Now you need the perfect response. I like to start with "May I recommend my own?" to be polite, so I don't sound overbearing. I've only ever had one person say no, and I promptly deleted my post. 

 Next, share one or two sentences about your book, and include a link. If you can, include a bit about why your book fits what they're looking for. I keep my responses in an excel sheet so that I just have to copy, paste, and personalize.

 People often respond positively! It's impossible to tell which sales come from this method, but I have definitely seen an increase, as well as positive feedback.



So, that's how I use twitter. I hope some of this is helpful. Feel free to reach out and ask questions.
And, of course, I'll follow you back if you follow me on twitter 😉.

Friday, January 14, 2022

Rough draft of The Seventh Clan

 I thought some readers might find this interesting. This is the very first draft of The Seventh Clan. The main character Perrin's character changed quite a bit since then, and there's a lot more detail and better writing. If you'd like to compare this with the final draft, you can read the first chapter (free) here.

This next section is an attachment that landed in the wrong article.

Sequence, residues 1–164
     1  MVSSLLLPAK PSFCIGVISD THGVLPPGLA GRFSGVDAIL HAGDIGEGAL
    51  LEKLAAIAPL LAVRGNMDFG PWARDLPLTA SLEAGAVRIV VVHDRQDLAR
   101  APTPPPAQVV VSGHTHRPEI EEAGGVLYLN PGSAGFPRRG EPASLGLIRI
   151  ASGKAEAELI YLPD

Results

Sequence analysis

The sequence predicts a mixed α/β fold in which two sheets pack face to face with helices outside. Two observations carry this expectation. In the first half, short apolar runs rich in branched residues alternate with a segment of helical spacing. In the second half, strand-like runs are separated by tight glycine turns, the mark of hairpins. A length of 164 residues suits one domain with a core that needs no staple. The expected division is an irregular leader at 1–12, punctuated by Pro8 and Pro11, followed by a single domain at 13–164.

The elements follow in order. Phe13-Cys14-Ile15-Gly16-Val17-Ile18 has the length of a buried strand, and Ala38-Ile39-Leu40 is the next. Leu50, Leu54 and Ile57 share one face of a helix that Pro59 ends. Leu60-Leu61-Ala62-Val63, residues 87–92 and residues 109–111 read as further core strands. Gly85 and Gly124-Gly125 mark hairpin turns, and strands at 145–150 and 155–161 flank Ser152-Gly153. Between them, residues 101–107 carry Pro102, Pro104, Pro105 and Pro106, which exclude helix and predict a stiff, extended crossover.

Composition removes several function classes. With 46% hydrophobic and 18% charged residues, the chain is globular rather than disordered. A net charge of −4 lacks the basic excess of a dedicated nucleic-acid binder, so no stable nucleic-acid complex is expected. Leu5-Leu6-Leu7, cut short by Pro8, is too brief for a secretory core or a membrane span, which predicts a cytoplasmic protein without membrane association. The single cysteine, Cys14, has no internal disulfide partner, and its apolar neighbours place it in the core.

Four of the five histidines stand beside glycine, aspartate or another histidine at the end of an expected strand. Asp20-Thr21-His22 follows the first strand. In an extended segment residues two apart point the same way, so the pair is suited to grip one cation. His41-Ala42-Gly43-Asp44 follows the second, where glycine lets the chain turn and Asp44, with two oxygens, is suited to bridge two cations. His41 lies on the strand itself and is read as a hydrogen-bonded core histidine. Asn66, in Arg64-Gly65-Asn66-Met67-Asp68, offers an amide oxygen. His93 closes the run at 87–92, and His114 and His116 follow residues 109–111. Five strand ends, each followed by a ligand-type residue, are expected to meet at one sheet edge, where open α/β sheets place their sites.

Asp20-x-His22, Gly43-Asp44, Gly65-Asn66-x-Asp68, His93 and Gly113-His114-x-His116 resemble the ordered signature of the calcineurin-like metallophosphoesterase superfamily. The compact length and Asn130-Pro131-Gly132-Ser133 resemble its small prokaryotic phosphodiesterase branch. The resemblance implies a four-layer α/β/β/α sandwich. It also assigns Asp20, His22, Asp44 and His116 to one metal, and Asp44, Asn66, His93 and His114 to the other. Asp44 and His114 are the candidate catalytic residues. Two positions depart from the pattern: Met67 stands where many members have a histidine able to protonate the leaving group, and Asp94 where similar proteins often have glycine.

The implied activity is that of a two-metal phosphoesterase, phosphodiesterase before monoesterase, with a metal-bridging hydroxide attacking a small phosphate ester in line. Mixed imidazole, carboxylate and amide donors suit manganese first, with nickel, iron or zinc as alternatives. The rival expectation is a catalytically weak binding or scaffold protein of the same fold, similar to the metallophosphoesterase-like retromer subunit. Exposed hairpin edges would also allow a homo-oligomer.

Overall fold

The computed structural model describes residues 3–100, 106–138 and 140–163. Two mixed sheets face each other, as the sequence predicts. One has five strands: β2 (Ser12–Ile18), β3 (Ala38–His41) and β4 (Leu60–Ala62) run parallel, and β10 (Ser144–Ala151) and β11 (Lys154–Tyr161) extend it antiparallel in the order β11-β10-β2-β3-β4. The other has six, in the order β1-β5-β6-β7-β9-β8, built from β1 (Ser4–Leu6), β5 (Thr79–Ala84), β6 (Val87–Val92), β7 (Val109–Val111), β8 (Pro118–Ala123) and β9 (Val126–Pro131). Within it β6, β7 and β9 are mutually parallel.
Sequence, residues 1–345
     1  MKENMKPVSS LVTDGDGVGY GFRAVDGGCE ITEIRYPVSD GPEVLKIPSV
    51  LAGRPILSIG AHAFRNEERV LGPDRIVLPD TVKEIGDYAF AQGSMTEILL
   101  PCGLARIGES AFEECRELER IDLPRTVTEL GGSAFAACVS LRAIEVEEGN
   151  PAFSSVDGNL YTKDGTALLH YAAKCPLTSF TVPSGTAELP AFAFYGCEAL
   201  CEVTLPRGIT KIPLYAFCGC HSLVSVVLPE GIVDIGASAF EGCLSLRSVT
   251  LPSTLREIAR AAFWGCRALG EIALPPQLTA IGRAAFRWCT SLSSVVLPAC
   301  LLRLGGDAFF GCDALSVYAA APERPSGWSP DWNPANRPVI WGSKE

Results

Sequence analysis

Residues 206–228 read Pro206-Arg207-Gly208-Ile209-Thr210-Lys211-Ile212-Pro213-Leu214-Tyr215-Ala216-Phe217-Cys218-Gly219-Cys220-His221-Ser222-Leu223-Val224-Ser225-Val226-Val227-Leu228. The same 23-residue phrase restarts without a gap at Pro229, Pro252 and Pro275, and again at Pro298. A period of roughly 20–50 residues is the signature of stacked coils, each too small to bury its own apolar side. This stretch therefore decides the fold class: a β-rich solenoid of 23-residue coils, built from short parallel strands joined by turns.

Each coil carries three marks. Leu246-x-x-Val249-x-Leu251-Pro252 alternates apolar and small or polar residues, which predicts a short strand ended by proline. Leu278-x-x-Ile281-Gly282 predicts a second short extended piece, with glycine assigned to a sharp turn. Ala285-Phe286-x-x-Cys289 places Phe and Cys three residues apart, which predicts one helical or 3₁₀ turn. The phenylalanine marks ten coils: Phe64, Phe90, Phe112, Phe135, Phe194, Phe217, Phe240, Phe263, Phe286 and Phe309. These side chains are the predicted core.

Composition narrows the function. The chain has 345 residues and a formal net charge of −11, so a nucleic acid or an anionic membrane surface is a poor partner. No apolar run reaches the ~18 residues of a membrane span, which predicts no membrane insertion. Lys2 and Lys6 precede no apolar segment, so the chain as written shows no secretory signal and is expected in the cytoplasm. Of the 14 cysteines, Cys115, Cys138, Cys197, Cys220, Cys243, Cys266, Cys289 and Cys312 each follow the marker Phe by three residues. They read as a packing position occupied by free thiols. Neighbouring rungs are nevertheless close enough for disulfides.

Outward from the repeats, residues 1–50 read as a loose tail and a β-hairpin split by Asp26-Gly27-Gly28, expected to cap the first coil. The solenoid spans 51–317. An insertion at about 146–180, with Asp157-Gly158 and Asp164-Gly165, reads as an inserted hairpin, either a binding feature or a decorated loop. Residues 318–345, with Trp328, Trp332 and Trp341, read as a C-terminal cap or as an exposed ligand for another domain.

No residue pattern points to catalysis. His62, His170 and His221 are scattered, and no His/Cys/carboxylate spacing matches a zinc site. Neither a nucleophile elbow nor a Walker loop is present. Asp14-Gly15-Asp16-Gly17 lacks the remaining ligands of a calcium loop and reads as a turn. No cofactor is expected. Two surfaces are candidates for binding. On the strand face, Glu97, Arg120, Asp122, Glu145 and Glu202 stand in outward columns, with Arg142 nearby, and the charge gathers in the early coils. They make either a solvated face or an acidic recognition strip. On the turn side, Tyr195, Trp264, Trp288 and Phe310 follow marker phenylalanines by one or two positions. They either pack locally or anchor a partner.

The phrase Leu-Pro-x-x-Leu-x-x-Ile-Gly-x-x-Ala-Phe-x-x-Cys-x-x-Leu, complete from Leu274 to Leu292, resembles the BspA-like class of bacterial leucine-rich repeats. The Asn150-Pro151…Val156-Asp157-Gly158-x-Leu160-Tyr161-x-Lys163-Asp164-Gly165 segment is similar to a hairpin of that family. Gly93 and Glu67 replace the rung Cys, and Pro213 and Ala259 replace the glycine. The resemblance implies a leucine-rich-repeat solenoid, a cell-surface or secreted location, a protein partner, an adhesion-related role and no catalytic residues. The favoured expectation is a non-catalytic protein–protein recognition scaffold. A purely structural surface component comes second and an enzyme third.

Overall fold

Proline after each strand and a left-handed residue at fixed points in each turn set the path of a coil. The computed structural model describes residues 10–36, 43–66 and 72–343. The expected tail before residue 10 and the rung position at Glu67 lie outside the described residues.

Thick mist covered the camp, while the few campfires created beams that the mist distorted into fantastic shapes. Perrin crept through camp, concentrating on the sounds instead of the sights. Most of the soldiers were asleep in their tents and only a few voices remained to murmur ghostlike through the mist, seemingly without a source.  

Someone shuffled ahead. Perrin headed toward the sound. “Guardsman?” 

A torch flickered to life. “Who is it?” 

“It’s just me, Perrin. I’ve brought orders.” He hated how his voice squeaked. 

The soldier appeared, every inch a soldier, from the clean white sash that was all the uniform they had to the huge musket leaning against his arm. The barrel gleamed in the torchlight and Perrin wanted to touch it.